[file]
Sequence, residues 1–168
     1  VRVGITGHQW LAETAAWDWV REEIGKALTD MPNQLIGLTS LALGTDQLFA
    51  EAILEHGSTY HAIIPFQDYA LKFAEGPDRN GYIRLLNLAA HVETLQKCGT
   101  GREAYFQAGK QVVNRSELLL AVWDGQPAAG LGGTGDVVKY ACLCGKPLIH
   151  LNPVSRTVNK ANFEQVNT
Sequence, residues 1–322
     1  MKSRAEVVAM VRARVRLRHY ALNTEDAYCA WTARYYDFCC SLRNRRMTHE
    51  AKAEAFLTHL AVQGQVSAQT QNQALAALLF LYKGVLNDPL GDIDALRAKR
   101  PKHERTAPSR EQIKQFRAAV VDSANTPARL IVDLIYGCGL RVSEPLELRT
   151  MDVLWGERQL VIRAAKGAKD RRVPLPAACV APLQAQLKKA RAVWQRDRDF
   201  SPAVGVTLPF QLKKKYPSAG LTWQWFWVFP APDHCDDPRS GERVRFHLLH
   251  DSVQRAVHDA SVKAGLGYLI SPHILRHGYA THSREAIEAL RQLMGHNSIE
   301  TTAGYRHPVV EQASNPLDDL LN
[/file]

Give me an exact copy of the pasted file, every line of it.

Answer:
Sequence, residues 1–168
     1  VRVGITGHQW LAETAAWDWV REEIGKALTD MPNQLIGLTS LALGTDQLFA
    51  EAILEHGSTY HAIIPFQDYA LKFAEGPDRN GYIRLLNLAA HVETLQKCGT
   101  GREAYFQAGK QVVNRSELLL AVWDGQPAAG LGGTGDVVKY ACLCGKPLIH
   151  LNPVSRTVNK ANFEQVNT
Sequence, residues 1–322
     1  MKSRAEVVAM VRARVRLRHY ALNTEDAYCA WTARYYDFCC SLRNRRMTHE
    51  AKAEAFLTHL AVQGQVSAQT QNQALAALLF LYKGVLNDPL GDIDALRAKR
   101  PKHERTAPSR EQIKQFRAAV VDSANTPARL IVDLIYGCGL RVSEPLELRT
   151  MDVLWGERQL VIRAAKGAKD RRVPLPAACV APLQAQLKKA RAVWQRDRDF
   201  SPAVGVTLPF QLKKKYPSAG LTWQWFWVFP APDHCDDPRS GERVRFHLLH
   251  DSVQRAVHDA SVKAGLGYLI SPHILRHGYA THSREAIEAL RQLMGHNSIE
   301  TTAGYRHPVV EQASNPLDDL LN